When I decided I wanted to be an herbalist, I went online to see what schools cost and how it worked.  I had over $20,000 in debt and after learning about self-sufficient living, knew it needed to go to zero.  I couldn't afford any of the tuition.   I also couldn't take 3-4 weeks or more of vacation at a time because of my high stress job and I certainly couldn't take 6 months or a year for a longer program.  I was lucky to get a Thursday and Friday off back to back.  Plus there were none close by and I had a sick husband at home who wasn't able to work.  There went my dream for a while. I have since learned that there are all sorts of correspondence courses and low cost courses available. 

So I focused on reading what I could about herbs and health and over the next 8 years, got out of debt, met a new partner with similar goals and moved to the country to start a homestead.   I had been at my job long enough, they fortunately let me work from home in the country and not just quit - which I was going to do. Once I got out of debt, I planned on working two or three more years, saving money to support homesteading full time.  Afterwards I’d be able to quit and have the time and money to go to an herbal school.  Two months before I was completely out of debt, our department was shut down.  I was already a dinosaur where I worked, so the hope of finding something I knew how to do was slim.  After 8 years of some of the biggest hurdles I had ever over-come, the rug was pulled out and I lost my dream again.  But it turned out to be a blessing in disguise because now I was able to study herbalism full time through used books and vast amounts of published online material by reputable herbalists like jim mcdonald (he doesn't like caps).

from http://homesteadsurvival.blogspot.com/

A couple of my new homesteader friends (Kathleen Lupole and Steve Lee) taught me about herbs that grew in my yard and how to use a field guide.  They told me about an herbalist that lived about 4 hours away and recommended her books.  This wise-woman tradition was a whole new way of studying herbs for me.  It wasn’t focused on exotic herbs and elaborate preparations.  It didn’t use mass quantities of herbs or expensive equipment.  It wasn’t about using herbs that I’d have to pay to have imported from faraway places, but showed me how to use plants that most people kill with herbicides.  Oooooohhhh!!  The light bulb went off.  So THAT’s how you do it!  Just learn the plants that are right in my yard and make tea, soup, infused oil or vinegar and other foods with them… and in the used book, that I paid a whopping $3 for w/ shipping, I started learning how to do those things explained in simple language.  Any book by Rosemary Gladstar or Susun Weed is a great place to start.  Half.com is where I always go first.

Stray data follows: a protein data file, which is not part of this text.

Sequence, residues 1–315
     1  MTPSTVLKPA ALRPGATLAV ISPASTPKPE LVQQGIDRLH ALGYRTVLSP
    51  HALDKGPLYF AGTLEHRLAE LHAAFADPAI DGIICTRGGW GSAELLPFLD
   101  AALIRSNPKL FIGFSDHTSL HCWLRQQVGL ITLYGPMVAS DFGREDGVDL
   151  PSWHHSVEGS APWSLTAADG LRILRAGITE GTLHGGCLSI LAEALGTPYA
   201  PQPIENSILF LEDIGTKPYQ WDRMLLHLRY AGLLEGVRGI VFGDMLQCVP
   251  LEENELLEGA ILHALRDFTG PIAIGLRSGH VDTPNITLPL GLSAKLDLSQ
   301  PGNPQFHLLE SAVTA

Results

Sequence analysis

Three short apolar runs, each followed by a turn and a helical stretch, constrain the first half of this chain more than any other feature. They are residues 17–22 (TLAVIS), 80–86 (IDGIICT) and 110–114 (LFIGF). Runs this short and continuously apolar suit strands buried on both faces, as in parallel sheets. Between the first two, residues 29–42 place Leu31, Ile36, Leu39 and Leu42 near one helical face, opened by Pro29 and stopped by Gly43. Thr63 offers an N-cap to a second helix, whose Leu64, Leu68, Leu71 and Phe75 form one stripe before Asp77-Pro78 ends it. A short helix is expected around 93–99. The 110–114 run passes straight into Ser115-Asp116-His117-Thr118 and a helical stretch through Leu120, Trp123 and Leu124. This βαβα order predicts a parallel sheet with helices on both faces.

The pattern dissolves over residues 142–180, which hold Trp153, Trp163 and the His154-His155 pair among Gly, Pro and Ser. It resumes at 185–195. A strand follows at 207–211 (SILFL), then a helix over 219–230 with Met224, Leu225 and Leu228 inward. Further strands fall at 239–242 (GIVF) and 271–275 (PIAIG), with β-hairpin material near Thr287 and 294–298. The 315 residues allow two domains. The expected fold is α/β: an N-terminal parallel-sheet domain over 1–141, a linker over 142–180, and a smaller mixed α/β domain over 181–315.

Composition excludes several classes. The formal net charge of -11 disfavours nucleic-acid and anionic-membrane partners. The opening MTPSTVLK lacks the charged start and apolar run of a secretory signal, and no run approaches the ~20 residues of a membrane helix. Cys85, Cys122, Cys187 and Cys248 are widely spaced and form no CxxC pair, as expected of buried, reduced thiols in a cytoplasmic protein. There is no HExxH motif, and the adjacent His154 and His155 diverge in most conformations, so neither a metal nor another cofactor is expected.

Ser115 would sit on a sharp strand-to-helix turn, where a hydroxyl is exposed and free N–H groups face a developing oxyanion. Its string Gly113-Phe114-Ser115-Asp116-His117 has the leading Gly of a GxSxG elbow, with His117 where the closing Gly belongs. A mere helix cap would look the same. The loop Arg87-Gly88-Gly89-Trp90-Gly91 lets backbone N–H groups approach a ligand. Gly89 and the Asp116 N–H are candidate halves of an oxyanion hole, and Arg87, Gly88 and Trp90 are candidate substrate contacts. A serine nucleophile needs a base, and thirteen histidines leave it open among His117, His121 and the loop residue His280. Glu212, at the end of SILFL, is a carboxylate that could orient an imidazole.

Searching on the internet for how to use herbs in a traditional, simple, wise or medicine-woman way, I kept running across the same herbalists and their web sites time and again.  When I say I’m a self-taught herbalist, that is misleading.  I didn’t walk into the forest one day and come out knowing how to make a simple salve.  I give honor and credit to all those fingers that pointed at the moon and showed me the way to being self-taught.   So many thousands of us have been taught for free or very cheaply with their blogs, newsletters, cheap online classes, free teleseminars and books.  Teachers like Rosemary Gladstar,  Matthew Wood, Jim McDonald, Jesse Wolf Hardin, Rosalee de la Foret, Darcey Blue,  Karen Vaughn, Sean Donahue, Kristine Brown, Barbara Hall,  Kiva Rose,and even the sometimes alarming Susun Weed have given so much to the herbal community.   Many of their websites have been on the right side bar of this blog for many years.